During a period of some despair, involving a girlfriend with a drug habit, Midwestern winters and the realization that I didn’t really want to write a PhD dissertation, this wee slip of a song came flitting through my radio. Waking up late on cold mornings with condensation from the radiators on the window, I’d listen to the song in bed, unable to figure out who performed it because the radio station, WHPK, a local college station, had a tendency to play fifteen or more songs in a row. At the conclusion of these sets, an undergraduate DJ with a low voice would mumble his way through the playlist for five minutes in no easily discernable pattern.

Many of the DJs clearly felt as I did because the song was in heavy rotation. Determined to find out who sang it, I would count off the songs in one of these long sets and then count the playlist as the DJ went through it. Through trial and error, I discovered that Belle & Sebastian were the artists responsible for “Get Me Away from Here, I’m Dying.” I later learned that the station also kept reasonably accurate playlists online, but for some reason, I’m glad to have found out who the band through obsessive behavior.

Chicago, where I resided, is blessed with only two seasons, summer and winter, neither of them pleasant. Every day as I walked to the library to spend hours reading academic theory that bore little resemblance to the world around me, something felt oppressive, whether it be the humidity, the cold, the grey skies or the bare trees. The library, a Brutalist concrete and glass affair, appeared designed by the East German civil defense authority, and I sat in the basement every day for at least eight hours at a stretch trying to imagine my life as an academic, mostly to no avail. It made me feel like Stuart Murdoch when he sings, “From where I’m sitting, rain washing against the lonely tenement has set my mind to wander.”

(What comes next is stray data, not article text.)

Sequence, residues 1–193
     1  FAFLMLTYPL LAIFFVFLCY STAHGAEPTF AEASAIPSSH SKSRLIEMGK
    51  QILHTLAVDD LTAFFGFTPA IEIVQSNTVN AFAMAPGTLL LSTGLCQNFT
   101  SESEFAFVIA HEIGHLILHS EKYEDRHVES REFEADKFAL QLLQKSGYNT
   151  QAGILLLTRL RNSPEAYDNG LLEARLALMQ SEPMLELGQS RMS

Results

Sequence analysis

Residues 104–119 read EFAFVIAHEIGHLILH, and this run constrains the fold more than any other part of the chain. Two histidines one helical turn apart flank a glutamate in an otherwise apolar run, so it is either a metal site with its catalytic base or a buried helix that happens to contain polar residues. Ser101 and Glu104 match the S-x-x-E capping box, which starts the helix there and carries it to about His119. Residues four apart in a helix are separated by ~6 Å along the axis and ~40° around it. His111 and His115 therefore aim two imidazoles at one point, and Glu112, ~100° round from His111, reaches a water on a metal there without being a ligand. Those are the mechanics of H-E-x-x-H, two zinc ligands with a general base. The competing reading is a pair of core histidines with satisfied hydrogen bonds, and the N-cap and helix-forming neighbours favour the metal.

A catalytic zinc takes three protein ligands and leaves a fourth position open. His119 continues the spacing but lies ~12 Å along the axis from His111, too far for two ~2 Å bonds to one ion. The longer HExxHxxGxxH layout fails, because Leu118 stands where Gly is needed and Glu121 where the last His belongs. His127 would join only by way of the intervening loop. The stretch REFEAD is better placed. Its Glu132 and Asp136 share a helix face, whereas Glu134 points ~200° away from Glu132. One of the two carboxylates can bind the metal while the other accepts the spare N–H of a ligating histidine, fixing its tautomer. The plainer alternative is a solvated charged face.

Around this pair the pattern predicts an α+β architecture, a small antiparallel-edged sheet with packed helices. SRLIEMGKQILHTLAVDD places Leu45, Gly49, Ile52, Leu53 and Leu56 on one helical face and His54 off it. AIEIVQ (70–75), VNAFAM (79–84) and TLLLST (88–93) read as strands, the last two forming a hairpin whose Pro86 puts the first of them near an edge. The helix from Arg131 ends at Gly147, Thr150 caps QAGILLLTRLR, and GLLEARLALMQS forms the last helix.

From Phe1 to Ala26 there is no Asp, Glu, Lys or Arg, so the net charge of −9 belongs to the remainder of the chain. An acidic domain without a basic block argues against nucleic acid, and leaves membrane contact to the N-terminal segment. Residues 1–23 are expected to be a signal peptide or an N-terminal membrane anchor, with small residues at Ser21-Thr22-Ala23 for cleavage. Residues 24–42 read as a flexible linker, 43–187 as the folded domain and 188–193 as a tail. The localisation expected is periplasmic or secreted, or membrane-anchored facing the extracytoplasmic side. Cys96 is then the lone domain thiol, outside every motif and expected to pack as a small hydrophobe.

At night, I would walk home to my girlfriend, a lovely woman with many, many problems, not the least of which was her reliance on weed for simple activities such as sleep and eating. At night, she would hold me tightly, like children might a toy, and I felt that if I left her, she might do something rash. Even though I realized after a long time of pretending otherwise that I didn’t love her, I stayed out of fear of provoking something, something I preferred not to think about.

And then I heard Belle & Sebastian sing, “Get me away from here, I’m dying, sing me a song to set me free,” and it gave a voice to my feelings of dread and unease. Not to stretch an analogy but I think that slave-owners frequently tried to prevent slaves from learning to read and write because they were afraid that once their chattel was able to articulate their oppression, they would revolt. Upon hearing the line, “Get me away from here, I’m, dying,” I realized I felt that way too, and that the only solution was to flee.

Leaving Chicago, graduate school, and my girlfriend with the drug habit, I listened to this song. I crossed the state line into Indiana going east on I-80. Amidst the urban decay, fireworks warehouses and miles of mobile home dealers that define Gary, Indiana, I heard them sing, “At the final moment, I cried, I always cry at endings.”